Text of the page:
Physical monitoring in Mental Illness - Dr Sadgun Bhandari
PHYSICAL MONITORING IN
SERIOUS MENTAL ILLNESS
• DR SADGUN BHANDARI
• CONSULTANT PSYCHIATRIST
• QUEEN ELIZABETH II HOSPITAL
• WELWYN GARDEN CITY
IS MONITORING NECESSARY?
• THE PHYSCIAL HEALTH OF THE
• Relative Risk of Cardiovascular and
Cancer Mortality in People With
Severe Mental Illness From the United
Kingdom's General Practice Research
• David P. J. Osborn, PhD; Gus Levy, MSc;
Irwin Nazareth, PhD; Irene Petersen, PhD;
Amir Islam, MBA; Michael B. King, PhD
• Arch Gen Psychiatry. 2007;64(2):242249.
• A total of 46 136 people with SMI
and 300 426 without SMI were
selected for the study.
• Hazard ratios (HRs) for CHD
18 through 49 years old,
3.22 (95% confidence interval [CI], 1.99-5.21)
50 through 75 years old,
1.86 (95% CI, 1.63-2.12) for those and
1.05 (95% CI, 0.92-1.19) for those older than
• For stroke deaths,
18 through to 49
HRs were 2.53 (95% CI, 0.99-6.47)
50 through 75 years old,
1.89 (95% CI, 1.50-2.38)
older than 75 years
1.34 (95% CI, 1.17-1.54)
• Increased HRs for CHD mortality occurred irrespective of
sex, SMI diagnosis, or prescription of antipsychotic
medication during follow-up.
• However, a higher prescribed dose of antipsychotics
predicted greater risk of mortality from CHD and stroke.
• Risk for coronary heart disease in people with severe
• Cross-sectional comparative study in primary care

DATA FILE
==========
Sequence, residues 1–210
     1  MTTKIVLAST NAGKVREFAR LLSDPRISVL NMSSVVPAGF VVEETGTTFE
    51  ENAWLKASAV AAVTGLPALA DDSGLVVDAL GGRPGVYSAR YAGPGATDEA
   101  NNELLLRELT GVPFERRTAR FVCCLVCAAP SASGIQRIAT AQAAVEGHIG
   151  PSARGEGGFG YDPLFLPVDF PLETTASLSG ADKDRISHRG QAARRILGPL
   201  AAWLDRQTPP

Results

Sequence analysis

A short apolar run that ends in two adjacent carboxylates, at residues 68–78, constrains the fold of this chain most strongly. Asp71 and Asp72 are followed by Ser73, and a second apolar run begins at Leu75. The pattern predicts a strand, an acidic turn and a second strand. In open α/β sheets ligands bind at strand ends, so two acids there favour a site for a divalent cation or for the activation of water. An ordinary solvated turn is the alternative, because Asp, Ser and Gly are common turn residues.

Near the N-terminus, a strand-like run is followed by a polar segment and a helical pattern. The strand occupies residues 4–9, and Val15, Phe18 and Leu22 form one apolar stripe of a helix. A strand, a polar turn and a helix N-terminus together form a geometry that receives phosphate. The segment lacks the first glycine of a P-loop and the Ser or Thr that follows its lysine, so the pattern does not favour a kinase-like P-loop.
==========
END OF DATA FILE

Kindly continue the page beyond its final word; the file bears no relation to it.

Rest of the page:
• DAVID P. J. OSBORN, PhD Department of Mental Health
Sciences, Royal Free and University College Medical School,
• IRWIN NAZARETH, PhD
• Department of Primary Care and Population Sciences, Royal
Free and University College Medical School, London
• MICHAEL B. KING, PhD
• Department of Mental Health Sciences, Royal Free and
University College Medical School, London, UK
• Participants with SMI were almost twice as likely
to have a raised 10-year CHD risk score as
patients in the general practice comparison
• The main excess risk factors were increased
smoking, lower HDL-cholesterol levels, higher
total cholesterol/HDL-cholesterol ratios, increased
likelihood of a diagnosis of diabetes, and a weak
propensity for raised blood pressure with
• Dyslipidaemia and diabetes were more common
regardless of antipsychotic medication, and
despite the fact that body mass indices were
similar in the two groups.
• DO THEY GET THE RIGHT HELP?
• Death rate from ischaemic heart disease in
Western Australian psychiatric patients
• DAVID M. LAWRENCE, PhD and CASHEL
D'ARCY J. HOLMAN, PhD Department of Public
Health, The University of Western
Australia, Perth, Western Australia
• ASSEN V. JABLENSKY, DMSc
• Department of Psychiatry and Behavioural
Science, The University of Western
Australia, Perth, Western Australia
• MICHAEL S. T. HOBBS, DPhil
• Department of Public Health, The University of
Western Australia, Perth, Western Australia
• There were 44 767 deaths due to IHD during
1980-1998. Of these deaths, 3796 occurred in
users of mental health services. The
standardised mortality rate was almost
twice as high in users of mental health
services than in the overall population.
• The majority of deaths (59%) were ascribed to
acute myocardial infarction; however, the
mortality rate ratio was higher for other IHD
(most of these deaths were coded to coronary
atherosclerosis, ICD—9 414.0, or unspecified
chronic ischaemic heart disease, ICD—9 414.9).
• When examining procedure rates by